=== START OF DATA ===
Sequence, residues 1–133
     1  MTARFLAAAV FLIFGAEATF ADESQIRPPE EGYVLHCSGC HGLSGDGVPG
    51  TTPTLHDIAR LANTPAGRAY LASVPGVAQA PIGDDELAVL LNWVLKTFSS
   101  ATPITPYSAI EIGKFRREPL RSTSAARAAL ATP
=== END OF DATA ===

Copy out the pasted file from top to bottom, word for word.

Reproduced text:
Sequence, residues 1–133
     1  MTARFLAAAV FLIFGAEATF ADESQIRPPE EGYVLHCSGC HGLSGDGVPG
    51  TTPTLHDIAR LANTPAGRAY LASVPGVAQA PIGDDELAVL LNWVLKTFSS
   101  ATPITPYSAI EIGKFRREPL RSTSAARAAL ATP